‘The Muse of History must not be fastidious.” Thus Churchill the historian. But as Churchill the politician knew, the Muse of Politics must not be fastidious either.
Which brings us to Donald Trump.
Trump is, to say the least, not in favor among the fastidious. He’s not even in much favor among those of us who are nonfastidious in our politics. We at The Weekly Standard enjoy the rough-and-readiness of the American political scene—but we also understand the distinction between a reality show and reality, between performing and governing. We love American democracy and are impressed by Trump’s mastery of some of the arts of democratic politics—but we also acknowledge that Trump embodies much that is dubious about mass democracy. We admire the American people—but we also grant that Trumpism exemplifies much that is problematic about American populism.
Still, the fact remains: Donald Trump stands, unexpectedly and impressively, at the center of gravity of the Republican presidential field. His rise has been spectacular, a shock not just to the Republican establishment but to the conservative movement. His fall may be sudden or protracted, complete or partial. Conceivably he won’t fall at all. But in any event, Republicans and conservatives can’t afford fastidiously to turn their back on, or mindlessly to embrace Trump . . . or Trumpism.
What is Trumpism? Elsewhere in this issue Christopher Caldwell and Julius Krein consider the question. In this they join other thoughtful commentators who have recently addressed this matter. What we have to add to the conversation is simply one name: Richard Nixon.
After all, isn’t Donald Trump’s political appeal a kind of cartoon version of Richard Nixon’s? Nixon was the most consequential Republican in America for a long time, arguably from the Hiss-Chambers hearings in 1948 until his resignation from the presidency more than a quarter-century later; a candidate who ran five times for national office, four times a winner and losing only once, possibly as a result of stolen votes in Illinois and Texas; a politician who invented the Silent Majority and laid the basis for the emergence of a governing Republican majority; a president whose achievements pale beside those of our beau ideal, Ronald Reagan. But no Nixon, no Gipper.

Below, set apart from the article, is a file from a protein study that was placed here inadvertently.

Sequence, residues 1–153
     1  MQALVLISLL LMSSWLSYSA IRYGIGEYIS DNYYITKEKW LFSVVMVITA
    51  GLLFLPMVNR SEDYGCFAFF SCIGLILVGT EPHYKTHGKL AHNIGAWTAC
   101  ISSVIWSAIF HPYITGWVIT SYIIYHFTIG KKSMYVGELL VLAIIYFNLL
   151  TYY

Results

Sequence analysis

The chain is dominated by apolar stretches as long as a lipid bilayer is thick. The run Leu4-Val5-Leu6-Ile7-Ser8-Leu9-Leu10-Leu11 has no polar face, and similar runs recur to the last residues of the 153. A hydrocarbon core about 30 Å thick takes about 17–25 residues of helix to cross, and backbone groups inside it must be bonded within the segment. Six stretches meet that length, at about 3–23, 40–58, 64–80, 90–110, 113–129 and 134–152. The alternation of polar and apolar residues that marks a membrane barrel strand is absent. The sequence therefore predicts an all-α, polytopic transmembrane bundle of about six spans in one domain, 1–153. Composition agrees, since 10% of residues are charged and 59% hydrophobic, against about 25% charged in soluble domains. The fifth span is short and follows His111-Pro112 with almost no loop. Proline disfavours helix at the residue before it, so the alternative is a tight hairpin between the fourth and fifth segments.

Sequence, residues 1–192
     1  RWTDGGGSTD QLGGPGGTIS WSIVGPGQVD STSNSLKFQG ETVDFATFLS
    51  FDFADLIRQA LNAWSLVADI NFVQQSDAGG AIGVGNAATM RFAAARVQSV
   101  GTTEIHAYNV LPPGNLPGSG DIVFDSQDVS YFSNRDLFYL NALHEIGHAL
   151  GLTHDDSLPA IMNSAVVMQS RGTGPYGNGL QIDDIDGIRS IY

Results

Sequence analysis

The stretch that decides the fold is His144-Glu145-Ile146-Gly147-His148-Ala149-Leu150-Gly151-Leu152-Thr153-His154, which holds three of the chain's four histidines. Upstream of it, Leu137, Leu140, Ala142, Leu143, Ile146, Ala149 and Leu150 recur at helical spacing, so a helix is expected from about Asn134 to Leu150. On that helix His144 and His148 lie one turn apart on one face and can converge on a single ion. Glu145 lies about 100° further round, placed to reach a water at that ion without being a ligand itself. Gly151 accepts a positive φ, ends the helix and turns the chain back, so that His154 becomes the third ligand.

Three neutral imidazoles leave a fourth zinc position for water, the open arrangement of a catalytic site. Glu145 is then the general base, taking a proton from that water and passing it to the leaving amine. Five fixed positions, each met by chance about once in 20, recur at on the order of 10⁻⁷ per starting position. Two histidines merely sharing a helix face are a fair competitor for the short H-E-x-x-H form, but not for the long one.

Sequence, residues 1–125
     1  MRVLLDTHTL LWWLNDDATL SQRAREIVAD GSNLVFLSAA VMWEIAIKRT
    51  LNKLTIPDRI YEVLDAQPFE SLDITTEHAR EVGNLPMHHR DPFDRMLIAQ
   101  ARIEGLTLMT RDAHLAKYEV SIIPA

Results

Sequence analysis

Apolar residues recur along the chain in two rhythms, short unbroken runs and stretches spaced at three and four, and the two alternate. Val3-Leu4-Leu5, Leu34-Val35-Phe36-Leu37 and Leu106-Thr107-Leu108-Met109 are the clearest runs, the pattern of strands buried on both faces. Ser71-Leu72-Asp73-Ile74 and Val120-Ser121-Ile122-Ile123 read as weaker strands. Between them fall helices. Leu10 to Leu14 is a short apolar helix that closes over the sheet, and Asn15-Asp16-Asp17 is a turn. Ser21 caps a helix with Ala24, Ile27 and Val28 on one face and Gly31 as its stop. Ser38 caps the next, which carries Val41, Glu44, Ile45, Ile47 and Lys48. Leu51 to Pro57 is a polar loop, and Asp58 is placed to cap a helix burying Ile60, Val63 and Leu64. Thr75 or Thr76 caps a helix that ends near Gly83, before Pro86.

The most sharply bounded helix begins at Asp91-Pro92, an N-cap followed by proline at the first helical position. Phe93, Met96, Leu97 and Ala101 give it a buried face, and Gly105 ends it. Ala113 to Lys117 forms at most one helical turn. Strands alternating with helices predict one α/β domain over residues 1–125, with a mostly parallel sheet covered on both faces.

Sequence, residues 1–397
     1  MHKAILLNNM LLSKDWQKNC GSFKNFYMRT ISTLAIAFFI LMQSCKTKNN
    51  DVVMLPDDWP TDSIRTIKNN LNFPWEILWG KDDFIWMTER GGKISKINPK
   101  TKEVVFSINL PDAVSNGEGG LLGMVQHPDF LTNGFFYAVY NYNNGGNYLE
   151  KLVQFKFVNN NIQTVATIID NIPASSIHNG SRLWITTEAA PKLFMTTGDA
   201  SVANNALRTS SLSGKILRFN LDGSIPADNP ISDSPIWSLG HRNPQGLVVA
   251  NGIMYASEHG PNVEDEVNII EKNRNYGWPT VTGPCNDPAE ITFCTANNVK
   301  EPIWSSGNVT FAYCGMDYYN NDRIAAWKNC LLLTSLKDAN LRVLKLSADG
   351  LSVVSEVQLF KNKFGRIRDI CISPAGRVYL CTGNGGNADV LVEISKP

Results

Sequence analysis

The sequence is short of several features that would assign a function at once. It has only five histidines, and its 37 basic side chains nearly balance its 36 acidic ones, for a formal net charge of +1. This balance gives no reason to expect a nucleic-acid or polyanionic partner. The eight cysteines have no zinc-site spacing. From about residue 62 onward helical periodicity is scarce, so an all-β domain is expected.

Now, in 2015, we seem to be replaying history in fast forward. What took 16 years, from 1964 to 1980, is now happening in a matter of 16 months. The Tea Party was in a way a replay of the Goldwater movement—a visceral, deeply felt, and in many ways justified rebellion against the pretensions and depredations of big government liberalism. Both rebellions fell short of attaining the presidency. Both were followed by a less constitutionalist but perhaps more wide-ranging revolt against the cultured despisers of American patriotism and traditions—the first of which produced the Nixon ascendancy over several tumultuous years, the second of which has fueled the Trump phenomenon over several rambunctious months.
The Nixon era was followed, after a short interlude, by Reagan. The task today is to ensure that the Trumpian moment is followed—with no interlude, and with time telescoped—by a neo-Reaganite victory, one that builds on what is best in the Tea Party and what is healthy in Trumpism to create a politically viable governing conservatism.
The current candidates are, understandably, struggling to come to grips with the phenomenon of Trump. None has put the pieces together as Reagan did. Can one of the 2016 contenders be Reagan to Trump’s Nixon? Can any of the candidates—or one not yet in the race—move beyond disgust at a decadent liberalism to forge a vigorous governing conservatism? That is the question of the hour. The Muse of History will smile on any political leader who can pull this off.